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This country guide is for general informational purposes only and should not be construed as legal advice, nor as binding based on your relationship with Lano. When using Lano's solutions, the specifics may depend on your EOR and Payroll setup with our partners. Although we update this guide regularly, it may not reflect current legal developments. Lano Software GmbH disclaims any liability for any actions you take or refrain from taking based on the content contained in this country guide.
Czech payroll is not among the most complex in Europe, but foreign companies looking to set up local payroll should be aware of the regulatory requirements regarding compliance and more. Several steps need to be taken before a company can start processing payroll in the Czech Republic and once everything is set up, the local taxation rules must be strictly followed.
The Czech Republic may only count two tax rates, but the different tax credits that are available for employees require employers to be familiar with the Czech tax system in order to avoid fines.
Foreign companies that want to process payroll in the Czech Republic first have to register with a number of different bodies and authorities as well as (in most cases) set up a local branch or establish a legal entity in order to hire local employees. Payroll-related registrations include:
Registration for payroll tax, which must be done electronically within 8 days after the company’s first employee starts working. The institution administering taxes is the Financial Administration of the Czech Republic.
Registration for social security purposes, which also must be completed within 8 days after the company’s first employee starts working. The competent authority is the Czech Social Security Authority. After registration, employers receive a special ID which is needed for any transactions related to social security.
Registration with the health insurance company by which the individual employee is covered - this means that employers may have to register with several health funds. Both electronic and paper form registration are possible. The health insurance provider issues a separate employer ID for payments etc.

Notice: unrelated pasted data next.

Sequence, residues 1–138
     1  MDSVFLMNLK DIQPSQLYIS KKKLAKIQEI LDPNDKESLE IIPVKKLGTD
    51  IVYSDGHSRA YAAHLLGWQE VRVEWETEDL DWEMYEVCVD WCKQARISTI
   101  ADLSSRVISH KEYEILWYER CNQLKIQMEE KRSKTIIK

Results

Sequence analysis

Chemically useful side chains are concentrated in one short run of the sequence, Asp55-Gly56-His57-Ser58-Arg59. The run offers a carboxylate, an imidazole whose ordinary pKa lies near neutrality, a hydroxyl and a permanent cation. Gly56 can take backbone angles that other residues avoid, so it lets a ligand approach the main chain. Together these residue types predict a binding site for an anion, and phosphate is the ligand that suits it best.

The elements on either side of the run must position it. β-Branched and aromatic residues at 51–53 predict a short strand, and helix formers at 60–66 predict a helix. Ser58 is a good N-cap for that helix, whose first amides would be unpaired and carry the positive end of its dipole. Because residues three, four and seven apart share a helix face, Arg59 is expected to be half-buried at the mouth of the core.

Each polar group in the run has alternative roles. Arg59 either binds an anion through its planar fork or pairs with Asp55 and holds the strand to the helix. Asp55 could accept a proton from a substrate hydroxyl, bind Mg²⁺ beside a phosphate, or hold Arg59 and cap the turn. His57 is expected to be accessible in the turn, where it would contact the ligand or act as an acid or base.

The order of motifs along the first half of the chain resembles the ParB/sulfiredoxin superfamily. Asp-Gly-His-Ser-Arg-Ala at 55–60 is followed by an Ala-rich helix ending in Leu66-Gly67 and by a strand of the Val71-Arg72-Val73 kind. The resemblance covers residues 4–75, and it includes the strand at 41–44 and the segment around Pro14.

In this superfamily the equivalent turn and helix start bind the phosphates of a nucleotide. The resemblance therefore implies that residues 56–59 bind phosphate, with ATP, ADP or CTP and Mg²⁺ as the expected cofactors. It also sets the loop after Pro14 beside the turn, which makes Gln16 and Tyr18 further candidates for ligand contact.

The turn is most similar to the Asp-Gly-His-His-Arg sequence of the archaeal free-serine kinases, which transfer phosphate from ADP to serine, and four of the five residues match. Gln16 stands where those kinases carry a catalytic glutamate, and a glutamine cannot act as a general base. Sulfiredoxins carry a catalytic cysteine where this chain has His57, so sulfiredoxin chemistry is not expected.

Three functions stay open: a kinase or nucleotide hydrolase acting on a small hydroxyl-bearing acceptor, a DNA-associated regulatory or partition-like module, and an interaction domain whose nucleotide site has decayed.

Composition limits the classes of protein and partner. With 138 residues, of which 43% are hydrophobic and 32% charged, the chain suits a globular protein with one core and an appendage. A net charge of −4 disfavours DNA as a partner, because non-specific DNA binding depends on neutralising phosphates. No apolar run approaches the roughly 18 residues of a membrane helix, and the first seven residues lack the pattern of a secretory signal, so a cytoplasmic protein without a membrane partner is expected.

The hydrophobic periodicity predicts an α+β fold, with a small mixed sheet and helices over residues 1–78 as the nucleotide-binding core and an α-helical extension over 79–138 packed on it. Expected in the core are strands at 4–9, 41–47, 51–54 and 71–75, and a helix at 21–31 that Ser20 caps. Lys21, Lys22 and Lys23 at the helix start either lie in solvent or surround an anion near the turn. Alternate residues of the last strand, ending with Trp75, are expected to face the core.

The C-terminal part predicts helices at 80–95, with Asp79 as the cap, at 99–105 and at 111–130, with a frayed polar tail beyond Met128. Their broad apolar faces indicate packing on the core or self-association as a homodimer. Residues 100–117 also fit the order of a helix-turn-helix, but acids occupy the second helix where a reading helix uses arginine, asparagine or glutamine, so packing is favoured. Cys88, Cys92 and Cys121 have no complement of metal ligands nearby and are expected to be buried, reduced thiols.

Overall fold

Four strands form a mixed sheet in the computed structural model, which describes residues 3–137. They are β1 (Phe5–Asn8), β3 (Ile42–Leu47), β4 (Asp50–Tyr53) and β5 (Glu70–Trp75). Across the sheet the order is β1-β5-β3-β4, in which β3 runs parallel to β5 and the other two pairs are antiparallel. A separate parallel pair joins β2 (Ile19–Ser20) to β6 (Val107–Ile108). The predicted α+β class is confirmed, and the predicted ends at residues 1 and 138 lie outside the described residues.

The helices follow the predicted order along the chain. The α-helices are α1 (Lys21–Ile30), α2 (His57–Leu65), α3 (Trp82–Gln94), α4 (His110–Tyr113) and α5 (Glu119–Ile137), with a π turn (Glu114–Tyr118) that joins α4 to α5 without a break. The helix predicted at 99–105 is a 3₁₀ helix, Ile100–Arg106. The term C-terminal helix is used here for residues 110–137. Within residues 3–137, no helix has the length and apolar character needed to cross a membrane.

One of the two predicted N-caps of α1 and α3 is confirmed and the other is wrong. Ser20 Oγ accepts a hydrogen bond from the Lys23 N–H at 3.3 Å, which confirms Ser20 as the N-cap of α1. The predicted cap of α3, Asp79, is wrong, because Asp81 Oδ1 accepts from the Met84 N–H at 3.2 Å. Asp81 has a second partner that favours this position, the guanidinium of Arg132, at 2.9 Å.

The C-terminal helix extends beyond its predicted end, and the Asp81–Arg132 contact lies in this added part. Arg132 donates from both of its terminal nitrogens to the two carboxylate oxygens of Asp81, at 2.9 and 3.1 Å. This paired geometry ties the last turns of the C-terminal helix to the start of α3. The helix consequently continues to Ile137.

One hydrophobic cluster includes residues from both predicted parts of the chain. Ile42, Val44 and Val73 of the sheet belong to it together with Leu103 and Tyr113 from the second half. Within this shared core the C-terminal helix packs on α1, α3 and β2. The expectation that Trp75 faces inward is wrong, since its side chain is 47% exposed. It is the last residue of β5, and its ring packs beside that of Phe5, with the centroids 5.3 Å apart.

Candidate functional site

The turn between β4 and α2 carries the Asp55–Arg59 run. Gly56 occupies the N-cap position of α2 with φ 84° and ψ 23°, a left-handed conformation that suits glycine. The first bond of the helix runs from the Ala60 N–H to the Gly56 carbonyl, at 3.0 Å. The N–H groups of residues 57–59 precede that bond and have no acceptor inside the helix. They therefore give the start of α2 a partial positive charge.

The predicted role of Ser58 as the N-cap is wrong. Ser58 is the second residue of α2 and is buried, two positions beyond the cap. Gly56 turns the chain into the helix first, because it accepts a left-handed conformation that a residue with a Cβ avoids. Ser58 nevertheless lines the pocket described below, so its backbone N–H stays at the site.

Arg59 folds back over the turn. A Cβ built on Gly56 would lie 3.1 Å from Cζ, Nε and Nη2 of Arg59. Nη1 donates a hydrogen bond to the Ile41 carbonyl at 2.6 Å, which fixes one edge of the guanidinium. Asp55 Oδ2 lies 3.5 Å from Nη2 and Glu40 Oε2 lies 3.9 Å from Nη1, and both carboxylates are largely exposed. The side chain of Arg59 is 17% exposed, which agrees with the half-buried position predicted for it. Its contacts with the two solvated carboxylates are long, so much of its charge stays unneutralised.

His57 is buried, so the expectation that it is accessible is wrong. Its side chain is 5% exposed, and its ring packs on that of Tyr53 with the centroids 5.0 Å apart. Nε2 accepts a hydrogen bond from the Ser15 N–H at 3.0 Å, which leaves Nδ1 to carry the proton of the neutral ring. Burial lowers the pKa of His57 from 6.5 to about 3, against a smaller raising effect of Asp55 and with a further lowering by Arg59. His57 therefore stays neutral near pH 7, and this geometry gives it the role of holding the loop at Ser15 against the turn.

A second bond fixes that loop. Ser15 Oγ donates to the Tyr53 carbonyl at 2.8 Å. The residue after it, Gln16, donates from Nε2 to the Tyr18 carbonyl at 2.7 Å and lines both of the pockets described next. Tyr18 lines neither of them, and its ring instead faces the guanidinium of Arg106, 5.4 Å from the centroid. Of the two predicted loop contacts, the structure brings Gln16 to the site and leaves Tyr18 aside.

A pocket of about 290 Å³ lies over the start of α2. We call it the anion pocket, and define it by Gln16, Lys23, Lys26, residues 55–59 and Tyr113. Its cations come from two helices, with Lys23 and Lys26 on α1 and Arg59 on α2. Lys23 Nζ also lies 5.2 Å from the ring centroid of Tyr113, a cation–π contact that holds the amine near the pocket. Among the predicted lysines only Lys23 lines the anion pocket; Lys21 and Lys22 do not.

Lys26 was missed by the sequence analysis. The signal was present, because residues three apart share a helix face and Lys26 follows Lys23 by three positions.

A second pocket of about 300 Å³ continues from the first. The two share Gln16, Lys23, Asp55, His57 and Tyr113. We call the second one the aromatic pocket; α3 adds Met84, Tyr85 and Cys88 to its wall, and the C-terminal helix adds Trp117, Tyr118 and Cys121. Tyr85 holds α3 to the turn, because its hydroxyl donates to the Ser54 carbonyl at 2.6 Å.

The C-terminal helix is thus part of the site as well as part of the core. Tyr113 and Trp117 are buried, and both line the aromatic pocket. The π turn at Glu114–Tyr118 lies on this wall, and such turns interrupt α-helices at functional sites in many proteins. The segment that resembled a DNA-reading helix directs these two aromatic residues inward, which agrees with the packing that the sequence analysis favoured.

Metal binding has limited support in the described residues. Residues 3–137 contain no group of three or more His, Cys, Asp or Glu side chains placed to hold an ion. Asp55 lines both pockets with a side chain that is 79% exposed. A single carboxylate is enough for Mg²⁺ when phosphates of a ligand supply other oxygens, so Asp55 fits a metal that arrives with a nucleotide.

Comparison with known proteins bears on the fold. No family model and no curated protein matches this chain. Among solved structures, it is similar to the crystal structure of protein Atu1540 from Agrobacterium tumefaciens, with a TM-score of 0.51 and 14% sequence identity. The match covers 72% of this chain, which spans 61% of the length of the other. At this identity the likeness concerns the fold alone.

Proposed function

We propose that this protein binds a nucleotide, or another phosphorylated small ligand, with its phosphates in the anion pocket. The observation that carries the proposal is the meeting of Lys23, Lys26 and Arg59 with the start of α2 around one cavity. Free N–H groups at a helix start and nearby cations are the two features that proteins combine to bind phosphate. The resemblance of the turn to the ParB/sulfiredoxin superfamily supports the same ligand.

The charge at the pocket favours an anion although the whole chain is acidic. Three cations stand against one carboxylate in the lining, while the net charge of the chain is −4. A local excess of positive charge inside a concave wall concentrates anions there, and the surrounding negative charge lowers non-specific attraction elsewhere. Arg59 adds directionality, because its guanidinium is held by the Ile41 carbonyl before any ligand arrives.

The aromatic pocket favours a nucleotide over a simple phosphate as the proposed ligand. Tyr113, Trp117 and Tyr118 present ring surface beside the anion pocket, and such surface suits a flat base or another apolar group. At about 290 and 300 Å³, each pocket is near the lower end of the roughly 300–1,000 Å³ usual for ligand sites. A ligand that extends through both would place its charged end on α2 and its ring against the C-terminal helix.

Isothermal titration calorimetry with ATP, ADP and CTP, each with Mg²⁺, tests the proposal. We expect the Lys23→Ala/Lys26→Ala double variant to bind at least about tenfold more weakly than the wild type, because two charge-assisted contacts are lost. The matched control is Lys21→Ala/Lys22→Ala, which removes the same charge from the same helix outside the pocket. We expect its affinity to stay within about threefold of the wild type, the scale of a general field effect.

Registration with an insurance company providing coverage against occupational accidents and diseases - this is mandatory
New hires must be declared to the responsible health insurance fund as well as to the Social Security Authority. The deadline for filing the hiring declaration is also the 8th day after the employee’s first day at work. Companies setting up a legal entity in the Czech Republic will receive access to a government-operated digital mailbox which is used for communicating with local authorities.
There is no formal obligation to set up a local bank account for payroll purposes as payments to local authorities can also be issued from a foreign account.
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Social security coverage is mandatory for employees in the Czech Republic and includes health insurance, pension insurance, unemployment insurance and sickness benefits insurance. The system is funded by contributions made by employees and employers. Contributions are calculated as part of the monthly payroll process along with the amount of income tax owed by the employee which is deducted at source.
The Czech income tax system operates with 2 tax rates. The basic rate is 15% while the top rate is fixed at 23%. The threshold separating the tax rates is currently (as of 2022) set at CZK 1,867,728.
The employee’s taxable income comprises the basic salary (or wages) as well as any other payments (like bonuses) or benefits in kind they receive from their employer - exceptions apply to certain cash allowances. Employment expenses are not deductible from the employee’s taxable income, but supplementary pension contributions and premiums paid for life insurance are - up to CZK 24,000 per year. There are several tax credits available, including an annual basic tax relief of CZK 30,840 (valid for 2022 tax year) and a tax allowance for dependent children.
Czech tax residents are taxed on their worldwide income - certain exceptions apply to work carried out in another country - while non-residents only pay tax on income they earned in the Czech Republic. Tax residency is determined via 2 different criteria:
Permanent home or place of living in the Czech Republic
183 days spent in the Czech Republic within any given calendar year
A special rule applies to non-resident employees temporarily (i.e. not more than 183 days per calendar year) working in the Czech Republic for a foreign employer. Income from such working arrangements is exempt from Czech income tax - except if the employee is working for a local permanent establishment of the foreign company.
2022 Tax Bands
Corresponding Tax Rates